The pathogenesis of multiple sclerosis (MS) is thought to involve a T- cell-mediated autoimmune process. Experimental allergic encephalomyelitis (EAE), an animal model resembling MS, can be induced by immunization with myelin antigens such as myelin basic protein. The T-cell antigen receptor (TCR) usage in EAE is highly restricted in some strains of animals and experimental treatments targeting the TCR have been successful in EAE. Examination of the TCR β-chain variable-region (V(β)) usage of MBP-specific T-cell lines in MS patients has produced conflicting results. Our previous studies of TCR α-chain variable-region usage in monozygotic twins demonstrated a general skewing of the TCR repertoire in individuals with MS. This skewing became apparent only after stimulation with antigens; in peripheral blood lymphocyte preparations from individuals with MS V(α)8- bearing T cells were preferentially selected by stimulation with myelin basic protein. In the present study we examined complementarity-determining region 3 of those V(α)8-positive TCRs. Marked sequence heterogeneity was found in all individuals with severe MS. In contrast, restricted areas of complementarity-determining region 3 were found in healthy control individuals and in individuals with a mild form of MS. Sequences from tetanus toxoid-specific V(α)8-positive T cells generated from the same individuals were relatively homogeneous within individuals regardless of disease activity and were distinct from the sequence of complementarity-determining region 3 in myelin basic protein-stimulated lines. These findings suggest that disease severity may be associated with increased heterogeneity of myelin antigen- specific T cells and could reflect an impaired ability of the immune system to down-regulate these anti-self responses.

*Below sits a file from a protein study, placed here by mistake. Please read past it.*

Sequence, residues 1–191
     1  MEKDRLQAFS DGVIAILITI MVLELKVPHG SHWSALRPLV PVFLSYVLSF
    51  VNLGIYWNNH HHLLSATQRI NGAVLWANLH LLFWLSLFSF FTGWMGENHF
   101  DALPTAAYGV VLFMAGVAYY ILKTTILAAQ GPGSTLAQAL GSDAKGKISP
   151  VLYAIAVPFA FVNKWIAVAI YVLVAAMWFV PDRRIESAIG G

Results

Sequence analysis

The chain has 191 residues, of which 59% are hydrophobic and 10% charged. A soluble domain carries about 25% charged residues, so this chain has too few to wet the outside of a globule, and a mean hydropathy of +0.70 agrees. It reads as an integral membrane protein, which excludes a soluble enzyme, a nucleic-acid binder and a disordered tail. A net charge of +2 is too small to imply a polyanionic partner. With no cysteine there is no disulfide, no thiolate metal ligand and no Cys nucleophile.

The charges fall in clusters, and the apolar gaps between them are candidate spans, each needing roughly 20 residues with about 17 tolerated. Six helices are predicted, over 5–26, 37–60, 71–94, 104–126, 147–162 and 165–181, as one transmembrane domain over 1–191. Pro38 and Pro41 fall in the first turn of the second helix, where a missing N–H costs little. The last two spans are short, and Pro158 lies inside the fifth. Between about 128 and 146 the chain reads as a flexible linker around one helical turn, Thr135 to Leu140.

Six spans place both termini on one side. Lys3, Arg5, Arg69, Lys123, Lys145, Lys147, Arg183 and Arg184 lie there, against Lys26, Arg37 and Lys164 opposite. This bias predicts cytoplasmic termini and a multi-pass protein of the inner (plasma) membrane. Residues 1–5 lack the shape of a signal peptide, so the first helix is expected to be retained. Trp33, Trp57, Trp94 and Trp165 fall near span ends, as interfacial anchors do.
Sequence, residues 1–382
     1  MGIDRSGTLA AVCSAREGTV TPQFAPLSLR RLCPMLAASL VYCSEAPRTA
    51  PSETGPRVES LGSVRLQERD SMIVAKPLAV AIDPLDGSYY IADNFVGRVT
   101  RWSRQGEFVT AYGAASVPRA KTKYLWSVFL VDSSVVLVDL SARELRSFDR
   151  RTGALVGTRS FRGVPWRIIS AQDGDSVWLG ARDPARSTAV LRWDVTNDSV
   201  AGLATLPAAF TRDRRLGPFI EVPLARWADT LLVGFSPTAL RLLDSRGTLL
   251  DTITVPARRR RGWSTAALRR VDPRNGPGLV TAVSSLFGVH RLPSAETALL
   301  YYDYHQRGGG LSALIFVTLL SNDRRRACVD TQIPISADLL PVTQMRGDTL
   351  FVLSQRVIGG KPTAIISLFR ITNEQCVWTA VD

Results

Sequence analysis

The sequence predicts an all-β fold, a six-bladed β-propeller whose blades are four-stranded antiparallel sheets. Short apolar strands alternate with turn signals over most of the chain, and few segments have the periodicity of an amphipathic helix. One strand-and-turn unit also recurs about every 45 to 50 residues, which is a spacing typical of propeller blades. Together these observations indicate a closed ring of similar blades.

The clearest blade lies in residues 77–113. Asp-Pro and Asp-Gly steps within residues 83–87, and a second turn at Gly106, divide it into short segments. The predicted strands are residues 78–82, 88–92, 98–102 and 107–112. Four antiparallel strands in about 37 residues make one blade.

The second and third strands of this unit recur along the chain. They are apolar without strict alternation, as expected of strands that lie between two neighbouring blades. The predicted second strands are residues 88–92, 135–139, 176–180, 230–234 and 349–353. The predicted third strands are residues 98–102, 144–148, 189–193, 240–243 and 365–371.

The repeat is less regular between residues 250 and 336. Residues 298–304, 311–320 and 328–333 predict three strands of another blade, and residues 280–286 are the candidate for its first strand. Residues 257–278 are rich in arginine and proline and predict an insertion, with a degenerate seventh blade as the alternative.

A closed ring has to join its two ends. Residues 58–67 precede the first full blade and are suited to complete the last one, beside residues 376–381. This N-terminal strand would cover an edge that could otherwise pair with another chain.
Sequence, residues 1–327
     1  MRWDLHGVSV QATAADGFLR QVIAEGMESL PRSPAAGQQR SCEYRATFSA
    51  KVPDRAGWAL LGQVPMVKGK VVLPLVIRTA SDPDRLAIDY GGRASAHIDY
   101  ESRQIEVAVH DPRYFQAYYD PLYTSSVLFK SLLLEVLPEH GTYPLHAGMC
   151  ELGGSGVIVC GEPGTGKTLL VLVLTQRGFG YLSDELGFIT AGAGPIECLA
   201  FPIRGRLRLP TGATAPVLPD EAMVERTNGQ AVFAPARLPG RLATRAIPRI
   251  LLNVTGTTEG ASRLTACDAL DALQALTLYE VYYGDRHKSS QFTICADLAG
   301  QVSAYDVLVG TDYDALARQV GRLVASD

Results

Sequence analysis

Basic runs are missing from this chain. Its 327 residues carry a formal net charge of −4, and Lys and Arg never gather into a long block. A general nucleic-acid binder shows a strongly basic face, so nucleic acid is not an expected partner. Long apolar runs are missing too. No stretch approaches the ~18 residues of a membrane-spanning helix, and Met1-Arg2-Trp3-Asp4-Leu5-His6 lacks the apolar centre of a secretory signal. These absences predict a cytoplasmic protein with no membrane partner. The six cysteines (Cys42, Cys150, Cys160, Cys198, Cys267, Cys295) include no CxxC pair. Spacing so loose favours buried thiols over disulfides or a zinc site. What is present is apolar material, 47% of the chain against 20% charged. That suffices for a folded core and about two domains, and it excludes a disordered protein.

|Original language||English (US)|
|Number of pages||5|
|Journal||Proceedings of the National Academy of Sciences of the United States of America|
|State||Published - Jun 7 1994|
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